Latest articles from the Innovate My School community.

The benefits of opening up school facilities for community use are manifest. It benefits users such as community groups and sporting clubs by providing them with facilities, while schools can generate vital income and build strong community bonds. Kajima Community works with over 380 schools nationwide to streamline and manage their lettings process. For schools, this can provide a valuable source of income at a time of stricken education budgets. Last year, schools using their BookingsPlus service raised £16.3 million: an average of £43,000 per school.

Greater community cohesion benefits pupils - opening up opportunities for work experience with lettings partners, providing access to specialist coaches and stimulating a sense of community responsibility. Schools are public facilities, and should be a resource for the wider community. With over 15 years of experience in community lettings, Kajima Community works closely with its partners to understand their needs matching them with those of the local community.

For further ideas on how best to embrace Community Partnerships, check out the below content, running all through April and May! 

Stephen Logan is both a school leader and an expert on careers education (as director of National Careers Week), so we absolutely had to rendezvous with the Yorkshire-based educator to pick his brain...
If you’re looking for an inspirational and educational school trip, you might not know that vertical wind tunnels provide the perfect opportunity to engage your class in STEM topics with a thrilling, hands-on learning experience!
Jim Stark: Nobody talks to children. Judy: No, they just tell them. Rebel Without A Cause (1955).
What changes are needed in the UK education sector? We posed this question to 10 of today’s leading gurus - here’s what they said.
Numerous studies indicate that tomorrow’s jobs will demand “creative problem-solving skills”, but what exactly are these skills? Also, are they being taught effectively to the next generation - a group facing a massive shift in job requirements as workplace automation becomes more prevalent?
We live in age where there is unprecedented pressure on schools and school leaders. The pressure of a challenging and ever-changing Ofsted framework, budgets which are paper-thin, progress measures which force us to compare our pupils with other children nationally, and some of the most academically-stretching testing expectations ever. It’s enough to make the most experienced of school leaders crumble. Set against this context, it is easy to see ...
In Estyn’s 2013 inspection report, there were 355 pupils at St Philip Evans R.C. Primary School. The school is in an English-speaking part of South Wales. About 40% of pupils learn English as an additional language, and speak other languages at home. About a quarter of pupils are entitled to receive free school meals. The school identifies 17% of pupils as having additional learning needs, nearly all of whom have moderate learning ...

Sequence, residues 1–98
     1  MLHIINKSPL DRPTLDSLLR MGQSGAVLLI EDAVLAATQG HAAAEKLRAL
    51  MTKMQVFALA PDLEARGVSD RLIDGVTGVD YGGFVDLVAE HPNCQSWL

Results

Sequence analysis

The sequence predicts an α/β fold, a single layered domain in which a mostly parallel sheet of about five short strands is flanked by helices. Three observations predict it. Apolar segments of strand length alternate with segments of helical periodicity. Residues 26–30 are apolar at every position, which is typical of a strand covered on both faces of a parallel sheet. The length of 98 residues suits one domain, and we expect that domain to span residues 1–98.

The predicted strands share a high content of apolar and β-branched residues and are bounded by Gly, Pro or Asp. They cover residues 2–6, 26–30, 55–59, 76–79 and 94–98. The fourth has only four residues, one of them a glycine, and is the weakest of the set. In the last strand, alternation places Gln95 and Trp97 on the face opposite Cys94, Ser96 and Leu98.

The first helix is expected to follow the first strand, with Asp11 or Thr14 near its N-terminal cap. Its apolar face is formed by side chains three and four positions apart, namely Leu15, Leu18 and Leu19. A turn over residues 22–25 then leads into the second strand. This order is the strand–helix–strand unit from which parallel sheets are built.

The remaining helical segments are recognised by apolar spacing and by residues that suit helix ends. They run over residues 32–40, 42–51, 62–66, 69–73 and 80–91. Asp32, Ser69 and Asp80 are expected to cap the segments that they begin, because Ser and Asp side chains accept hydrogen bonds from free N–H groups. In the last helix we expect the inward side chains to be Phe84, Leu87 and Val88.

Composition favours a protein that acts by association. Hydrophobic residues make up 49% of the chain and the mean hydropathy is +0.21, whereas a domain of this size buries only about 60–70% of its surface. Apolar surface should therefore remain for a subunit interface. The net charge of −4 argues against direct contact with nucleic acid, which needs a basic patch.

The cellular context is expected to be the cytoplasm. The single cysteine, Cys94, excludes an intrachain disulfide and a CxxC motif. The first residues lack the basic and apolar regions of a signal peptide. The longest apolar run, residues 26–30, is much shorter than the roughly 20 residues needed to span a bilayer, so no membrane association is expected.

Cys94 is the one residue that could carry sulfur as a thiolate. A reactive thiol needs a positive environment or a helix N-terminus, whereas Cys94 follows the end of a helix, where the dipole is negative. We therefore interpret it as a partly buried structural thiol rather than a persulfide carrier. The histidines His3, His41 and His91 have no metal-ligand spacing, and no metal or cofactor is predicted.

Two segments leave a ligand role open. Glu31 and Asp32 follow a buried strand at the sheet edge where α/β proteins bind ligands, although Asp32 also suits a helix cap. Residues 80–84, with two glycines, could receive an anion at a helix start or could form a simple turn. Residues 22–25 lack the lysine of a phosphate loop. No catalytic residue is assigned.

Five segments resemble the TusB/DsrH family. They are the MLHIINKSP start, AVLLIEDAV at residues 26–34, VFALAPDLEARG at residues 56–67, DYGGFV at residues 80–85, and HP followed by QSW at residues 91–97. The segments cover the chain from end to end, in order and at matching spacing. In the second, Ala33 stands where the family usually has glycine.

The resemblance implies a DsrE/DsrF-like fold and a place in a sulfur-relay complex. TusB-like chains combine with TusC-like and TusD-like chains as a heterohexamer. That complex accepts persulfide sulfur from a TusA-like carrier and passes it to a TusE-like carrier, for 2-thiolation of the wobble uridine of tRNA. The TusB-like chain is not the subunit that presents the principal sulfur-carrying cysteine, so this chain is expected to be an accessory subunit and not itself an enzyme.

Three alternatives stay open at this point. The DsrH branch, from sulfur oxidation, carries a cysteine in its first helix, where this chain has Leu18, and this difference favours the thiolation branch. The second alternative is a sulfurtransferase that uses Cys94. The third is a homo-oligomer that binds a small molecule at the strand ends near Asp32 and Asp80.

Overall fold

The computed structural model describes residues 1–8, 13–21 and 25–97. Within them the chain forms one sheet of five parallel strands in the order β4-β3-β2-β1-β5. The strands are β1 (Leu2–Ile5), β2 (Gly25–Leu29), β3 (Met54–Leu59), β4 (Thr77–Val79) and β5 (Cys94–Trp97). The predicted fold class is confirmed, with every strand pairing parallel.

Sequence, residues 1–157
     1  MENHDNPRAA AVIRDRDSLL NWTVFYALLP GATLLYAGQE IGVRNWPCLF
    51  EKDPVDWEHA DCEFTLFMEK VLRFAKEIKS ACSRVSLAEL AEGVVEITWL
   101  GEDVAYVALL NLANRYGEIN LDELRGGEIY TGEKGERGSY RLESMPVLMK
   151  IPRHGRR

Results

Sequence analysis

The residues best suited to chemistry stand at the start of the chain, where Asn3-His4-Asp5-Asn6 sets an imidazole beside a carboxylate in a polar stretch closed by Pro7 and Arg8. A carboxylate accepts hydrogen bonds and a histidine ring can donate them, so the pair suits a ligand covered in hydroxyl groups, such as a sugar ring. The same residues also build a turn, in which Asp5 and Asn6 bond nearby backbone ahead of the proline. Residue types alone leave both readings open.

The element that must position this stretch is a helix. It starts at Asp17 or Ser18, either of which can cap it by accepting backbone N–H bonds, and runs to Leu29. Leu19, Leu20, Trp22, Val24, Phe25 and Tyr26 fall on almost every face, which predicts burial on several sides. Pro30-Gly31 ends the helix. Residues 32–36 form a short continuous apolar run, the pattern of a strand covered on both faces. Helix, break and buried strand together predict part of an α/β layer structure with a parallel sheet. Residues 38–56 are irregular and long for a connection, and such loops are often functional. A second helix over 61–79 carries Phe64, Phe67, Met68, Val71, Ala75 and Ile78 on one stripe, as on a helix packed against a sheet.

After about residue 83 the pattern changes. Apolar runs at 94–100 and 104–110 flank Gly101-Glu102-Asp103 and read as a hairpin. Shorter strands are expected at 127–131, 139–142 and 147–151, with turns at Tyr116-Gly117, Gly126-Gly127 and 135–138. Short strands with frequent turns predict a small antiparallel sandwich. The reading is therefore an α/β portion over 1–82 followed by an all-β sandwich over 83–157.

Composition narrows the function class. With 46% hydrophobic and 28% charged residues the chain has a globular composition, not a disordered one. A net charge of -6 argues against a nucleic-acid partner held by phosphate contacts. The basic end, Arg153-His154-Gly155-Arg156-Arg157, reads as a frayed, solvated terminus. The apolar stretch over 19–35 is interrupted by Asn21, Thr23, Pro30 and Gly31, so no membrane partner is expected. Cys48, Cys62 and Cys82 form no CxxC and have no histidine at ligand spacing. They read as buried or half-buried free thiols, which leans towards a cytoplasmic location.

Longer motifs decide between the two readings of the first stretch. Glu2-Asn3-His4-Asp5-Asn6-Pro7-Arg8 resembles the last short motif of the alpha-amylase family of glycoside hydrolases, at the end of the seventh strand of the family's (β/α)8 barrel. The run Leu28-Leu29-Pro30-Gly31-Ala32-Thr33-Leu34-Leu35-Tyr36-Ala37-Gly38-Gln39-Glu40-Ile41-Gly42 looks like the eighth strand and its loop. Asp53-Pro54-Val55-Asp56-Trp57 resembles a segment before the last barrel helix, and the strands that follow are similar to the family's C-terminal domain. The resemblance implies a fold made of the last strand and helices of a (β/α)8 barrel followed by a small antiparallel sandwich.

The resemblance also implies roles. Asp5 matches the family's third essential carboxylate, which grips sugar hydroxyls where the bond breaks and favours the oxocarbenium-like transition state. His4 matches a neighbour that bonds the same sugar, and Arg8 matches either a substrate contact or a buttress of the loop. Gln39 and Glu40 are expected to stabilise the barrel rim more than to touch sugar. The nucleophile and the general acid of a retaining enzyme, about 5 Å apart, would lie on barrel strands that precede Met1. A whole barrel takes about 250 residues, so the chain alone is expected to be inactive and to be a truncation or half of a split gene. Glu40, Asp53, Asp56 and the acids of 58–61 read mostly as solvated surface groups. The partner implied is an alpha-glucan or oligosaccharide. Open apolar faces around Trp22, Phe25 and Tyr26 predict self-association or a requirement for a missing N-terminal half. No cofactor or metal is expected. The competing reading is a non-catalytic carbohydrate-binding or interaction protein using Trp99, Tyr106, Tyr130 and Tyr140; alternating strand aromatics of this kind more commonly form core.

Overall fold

For children with special educational needs (SEN), one of the toughest barriers to accessing the curriculum can simply be how intimidating the classroom can feel. With 70 per cent of those permanently excluded from school also being registered for with SEN, we need to do more to engage students to maintain their attendance and ensure that functional skills are developed among all students, no matter what their situation or environment.
Of all the stories in the news at the moment, plastic pollution is one of the most shocking. However, the most shocking things about it has nothing to do with the visuals that we are bombarded with daily via the media. The most shocking thing about plastic pollution is that it is a problem, created by adults, that will affect our children so much more than it affects us.
“Teachers warn learning through play can lead to pupil disruption” was the title of an article printed by a Scottish newspaper in January this year. The article cited a recent report which had shown that some teachers in Scotland were worried about increasingly poor behaviour within classrooms when engaging in active learning.
When it came to SATs, Natalie Carry, deputy headteacher at St Edward’s Primary School in Birmingham, had a real problem. “We were finding it difficult to find questions for the pupils to answer,” explains Natalie, “and we were using booklets but these can only be used once.”
‘Powerful professional learning helps children succeed and teachers thrive’ is the first message on the front page of the Teacher Development Trust website. Yet when we look at other countries that are seen as successful at education, commentators often focus on issues such as their culture (Finland or Estonia), teaching methods (‘Chinese Maths’ in Shanghai) or use of external tutoring (Japan or South Korea).
Page 6 of 155

In order to make our website better for you, we use cookies!

Some firefox users may experience missing content, to fix this, click the shield in the top left and "disable tracking protection"